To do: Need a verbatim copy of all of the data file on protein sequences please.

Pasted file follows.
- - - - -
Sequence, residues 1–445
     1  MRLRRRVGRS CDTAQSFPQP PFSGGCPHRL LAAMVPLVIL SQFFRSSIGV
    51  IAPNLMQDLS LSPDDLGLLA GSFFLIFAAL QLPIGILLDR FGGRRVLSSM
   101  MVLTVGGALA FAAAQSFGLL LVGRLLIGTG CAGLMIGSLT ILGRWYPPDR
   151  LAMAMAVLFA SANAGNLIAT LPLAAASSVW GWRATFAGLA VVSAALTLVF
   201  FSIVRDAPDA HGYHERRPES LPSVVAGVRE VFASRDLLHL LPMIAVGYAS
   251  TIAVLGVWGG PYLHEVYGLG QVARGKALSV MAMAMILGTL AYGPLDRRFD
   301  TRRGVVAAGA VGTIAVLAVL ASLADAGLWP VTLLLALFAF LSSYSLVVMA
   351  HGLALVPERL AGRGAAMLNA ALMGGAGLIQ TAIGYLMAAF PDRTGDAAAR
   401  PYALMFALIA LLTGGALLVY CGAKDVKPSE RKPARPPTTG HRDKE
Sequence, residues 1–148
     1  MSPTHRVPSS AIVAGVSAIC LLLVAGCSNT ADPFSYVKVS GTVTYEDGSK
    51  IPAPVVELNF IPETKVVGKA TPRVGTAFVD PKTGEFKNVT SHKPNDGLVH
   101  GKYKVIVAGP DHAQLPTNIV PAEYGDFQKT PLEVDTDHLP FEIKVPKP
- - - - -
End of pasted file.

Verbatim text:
Sequence, residues 1–445
     1  MRLRRRVGRS CDTAQSFPQP PFSGGCPHRL LAAMVPLVIL SQFFRSSIGV
    51  IAPNLMQDLS LSPDDLGLLA GSFFLIFAAL QLPIGILLDR FGGRRVLSSM
   101  MVLTVGGALA FAAAQSFGLL LVGRLLIGTG CAGLMIGSLT ILGRWYPPDR
   151  LAMAMAVLFA SANAGNLIAT LPLAAASSVW GWRATFAGLA VVSAALTLVF
   201  FSIVRDAPDA HGYHERRPES LPSVVAGVRE VFASRDLLHL LPMIAVGYAS
   251  TIAVLGVWGG PYLHEVYGLG QVARGKALSV MAMAMILGTL AYGPLDRRFD
   301  TRRGVVAAGA VGTIAVLAVL ASLADAGLWP VTLLLALFAF LSSYSLVVMA
   351  HGLALVPERL AGRGAAMLNA ALMGGAGLIQ TAIGYLMAAF PDRTGDAAAR
   401  PYALMFALIA LLTGGALLVY CGAKDVKPSE RKPARPPTTG HRDKE
Sequence, residues 1–148
     1  MSPTHRVPSS AIVAGVSAIC LLLVAGCSNT ADPFSYVKVS GTVTYEDGSK
    51  IPAPVVELNF IPETKVVGKA TPRVGTAFVD PKTGEFKNVT SHKPNDGLVH
   101  GKYKVIVAGP DHAQLPTNIV PAEYGDFQKT PLEVDTDHLP FEIKVPKP